th to 12th grades, identified racially as Black (n=
6) or multiracial (n=2), and represented African American, West Indian, African Amer-
ican/European, and Mexican/West Indian ethnicities. Of the CMs, five had participated
in the program for at least 1 year at the time of the first interview, and three had joined
in the past 2 months. All CMs were YLI graduates, with the exception of one who joined
YF prior to YLI’s existence. The program director, a White European American man in
his late 20s, was also interviewed for the study.
1Pseudonyms are provided to enable tracking of participant quotes and distinction between quotes from CM or
YLI interviewees. Demographic data is presented in aggregate to protect participants’ confidentiality.
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Quantitative Measures
Participatory Citizen (Flanagan, Syvertsen, & Stout, 2007) is a six-item, 5-point Likert-type
scaled self-report measure assessing feelings towards civic engagement, including sense
of civic responsibility and the likelihood of being civically engaged after high school.
The scale showed good internal reliability, test-retest reliability, and measurement validity
among a large sample of adolescents, aged 12–18 years (n=1,924; Flanagan et al., 2007),
in the Northeastern United States. In this study, reliability was adequate to good at both
time points (α1=.78, α2=.81).
Competence for Civic Action (Flanagan et al., 2007) is a nine-item, 5-point Likert-
type scaled measure of participants’ self-perceived ability to address problems in their
community by rating their competence to engage in a range of civic actions. The scale
showed good internal reliability, test-retest reliability, and measurement validity among a
large sample of adolescents, aged 12–18 years (n=1,924; Flanagan et al., 2007), in the
Northeastern United States. In this study, reliability was good at both time points (α1=
.85, α2=.88).
Empowerment (Reininger et al., 2003) is a five-item, 5-point Likert-type scaled self-
report measure assessing youth’s belief in their ability to make change in their communi-
ties. This scale demonstrated adequate validity and internal reliability among high school
students (Reininger et al., 2003). In this study, reliability was adequate at both time points
(α1=.77, α2=.74).
Self-Efficacy (Schwarzer & Jerusalem, 2000) is a 10-item, 4-point Likert-type scaled self-
report measure assessing overall belief in one’s ability to handle stressful situations. This
scale demonstrated high internal reliability, stability, and construct validity among adults
and adolescents of diverse ethnic backgrounds (Scholz, Do˜
na, Sud, & Schwarzer, 2002).
In this study, reliability was adequate to good at both time points (α1=.77, α2=.87).
In addition to the measures above, the survey included measures of Connections
with Adults, and Hope. Connections with Adults was created for the program and ad-
ministered, but it lacked any information on validity, and the measure of Hope had low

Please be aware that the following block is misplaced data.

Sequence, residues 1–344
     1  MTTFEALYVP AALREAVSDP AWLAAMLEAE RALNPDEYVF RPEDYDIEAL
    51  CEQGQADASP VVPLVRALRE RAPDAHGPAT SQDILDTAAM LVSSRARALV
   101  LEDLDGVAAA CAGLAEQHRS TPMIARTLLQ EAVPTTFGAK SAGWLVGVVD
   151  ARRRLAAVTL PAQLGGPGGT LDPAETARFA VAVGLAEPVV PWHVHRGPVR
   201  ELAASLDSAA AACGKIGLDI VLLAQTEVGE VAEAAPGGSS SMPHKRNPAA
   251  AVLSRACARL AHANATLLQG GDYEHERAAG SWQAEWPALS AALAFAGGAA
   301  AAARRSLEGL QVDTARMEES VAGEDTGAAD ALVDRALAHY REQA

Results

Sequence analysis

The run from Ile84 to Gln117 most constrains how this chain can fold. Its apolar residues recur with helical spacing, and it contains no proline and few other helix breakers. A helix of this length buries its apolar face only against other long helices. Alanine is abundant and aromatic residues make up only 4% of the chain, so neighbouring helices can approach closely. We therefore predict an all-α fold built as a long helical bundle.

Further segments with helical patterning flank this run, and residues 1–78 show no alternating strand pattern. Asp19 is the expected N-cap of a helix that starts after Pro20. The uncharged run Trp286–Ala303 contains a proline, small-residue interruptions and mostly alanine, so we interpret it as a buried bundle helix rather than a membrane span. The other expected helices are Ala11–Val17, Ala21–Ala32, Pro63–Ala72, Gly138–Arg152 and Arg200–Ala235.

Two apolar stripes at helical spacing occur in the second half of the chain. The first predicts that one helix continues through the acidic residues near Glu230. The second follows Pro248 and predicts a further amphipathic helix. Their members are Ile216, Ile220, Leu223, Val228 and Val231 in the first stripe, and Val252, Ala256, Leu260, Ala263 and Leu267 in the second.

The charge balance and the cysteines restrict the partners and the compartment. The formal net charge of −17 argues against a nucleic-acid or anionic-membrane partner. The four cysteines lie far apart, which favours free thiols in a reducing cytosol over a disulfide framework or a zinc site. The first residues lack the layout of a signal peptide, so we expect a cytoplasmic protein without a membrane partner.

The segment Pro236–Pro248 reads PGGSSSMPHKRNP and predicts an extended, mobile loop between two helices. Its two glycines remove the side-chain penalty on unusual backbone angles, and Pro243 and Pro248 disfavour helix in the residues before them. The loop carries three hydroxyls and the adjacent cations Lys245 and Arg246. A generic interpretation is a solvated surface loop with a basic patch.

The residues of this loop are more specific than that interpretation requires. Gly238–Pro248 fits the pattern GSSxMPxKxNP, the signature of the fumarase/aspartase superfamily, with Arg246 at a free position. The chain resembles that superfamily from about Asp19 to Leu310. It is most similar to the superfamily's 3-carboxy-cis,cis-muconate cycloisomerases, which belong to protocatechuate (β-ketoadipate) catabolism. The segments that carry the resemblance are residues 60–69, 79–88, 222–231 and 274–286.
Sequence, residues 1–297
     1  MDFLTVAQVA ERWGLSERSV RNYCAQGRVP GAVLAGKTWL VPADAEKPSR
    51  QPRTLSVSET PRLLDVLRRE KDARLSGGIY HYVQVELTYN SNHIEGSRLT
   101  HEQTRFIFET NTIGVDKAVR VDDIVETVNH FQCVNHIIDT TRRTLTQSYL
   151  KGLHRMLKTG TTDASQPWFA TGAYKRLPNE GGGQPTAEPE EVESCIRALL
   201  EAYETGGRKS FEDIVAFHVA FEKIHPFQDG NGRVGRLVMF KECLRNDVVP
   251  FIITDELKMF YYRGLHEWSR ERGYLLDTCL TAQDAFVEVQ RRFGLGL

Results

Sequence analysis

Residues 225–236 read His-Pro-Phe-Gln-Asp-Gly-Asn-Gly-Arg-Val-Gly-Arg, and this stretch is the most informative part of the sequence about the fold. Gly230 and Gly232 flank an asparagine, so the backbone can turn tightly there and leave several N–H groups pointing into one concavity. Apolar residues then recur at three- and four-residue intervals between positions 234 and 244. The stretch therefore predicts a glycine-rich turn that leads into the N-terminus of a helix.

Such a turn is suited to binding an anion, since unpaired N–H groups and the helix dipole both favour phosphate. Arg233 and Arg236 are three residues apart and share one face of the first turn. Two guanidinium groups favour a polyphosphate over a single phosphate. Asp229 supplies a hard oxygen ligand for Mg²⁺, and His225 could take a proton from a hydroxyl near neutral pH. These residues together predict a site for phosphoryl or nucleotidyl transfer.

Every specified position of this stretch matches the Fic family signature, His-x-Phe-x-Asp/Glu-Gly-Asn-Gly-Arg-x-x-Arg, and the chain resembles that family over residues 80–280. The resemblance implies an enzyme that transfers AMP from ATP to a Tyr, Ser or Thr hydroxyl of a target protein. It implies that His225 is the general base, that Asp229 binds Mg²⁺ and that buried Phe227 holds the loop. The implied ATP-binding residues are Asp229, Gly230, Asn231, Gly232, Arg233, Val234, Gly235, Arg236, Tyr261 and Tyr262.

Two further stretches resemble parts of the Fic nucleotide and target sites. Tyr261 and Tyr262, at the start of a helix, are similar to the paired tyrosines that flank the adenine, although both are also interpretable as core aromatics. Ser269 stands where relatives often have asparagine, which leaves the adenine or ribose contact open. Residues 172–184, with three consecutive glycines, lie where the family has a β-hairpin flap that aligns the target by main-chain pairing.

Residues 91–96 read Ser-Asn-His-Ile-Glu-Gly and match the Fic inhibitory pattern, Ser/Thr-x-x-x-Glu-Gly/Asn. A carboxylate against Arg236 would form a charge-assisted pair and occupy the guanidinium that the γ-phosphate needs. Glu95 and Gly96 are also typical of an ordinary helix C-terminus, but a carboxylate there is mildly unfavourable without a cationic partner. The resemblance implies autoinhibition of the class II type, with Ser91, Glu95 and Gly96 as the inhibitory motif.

internal reliability (less than .6, as measured by Cronbach’s alpha). Analyses reported here
therefore focus solely on the civic engagement and self-efficacy measures. All measures
were calculated as means of individual items, with higher scores indicating greater civic
engagement or self-efficacy.
Qualitative Data Sources
Individual youth interviews with CMs. Semistructured interviews lasting 30–60 minutes were
conducted by the PI during the first two months of programming. Open-ended questions
explored youth’s motivations and expectations, experiences so far within the program
(including prior YLI training and current CM experiences), and impressions of how pro-
gram experiences affected their views of themselves and their role in their communities.
Participants were invited to share stories and specific incidents, and follow-up questions
were asked to elicit further depth.
Post-program interviews. The PI conducted a 1-hour, semi-structured group interview with
seven of the eight CMs at the end of the program (one member was absent on this
program day). The interview focused on impacts of the program on participants and
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Youth Community Organizing r7
program experiences that influenced these impacts. While individual interviews provide
a more detailed account of individual experiences, group interviews provide the possibility
for understandings and meaning to be collaboratively developed among group members
(Mason, 2002). The decision to conduct a group interview was based on several factors.
Observation of programming and relationships between youth indicated that CMs had
developed a shared, interactive understanding of their program experience, which could
be best accessed by a group interview format, although the possibility of individual follow-
up interviews was discussed if verbal or nonverbal indicators within the group interview
suggested that individual experiences differed from the group.
In addition, since the majority of CMs had already participated in YF for at least 1 year
at the time of the first interview, impressions of program impacts and experiences were
also captured in initial individual interviews. Finally, a single group interview reduced
the burden on the program, because individual interviews would require additional time
pulling participants from program activities. In the group interview, open-ended questions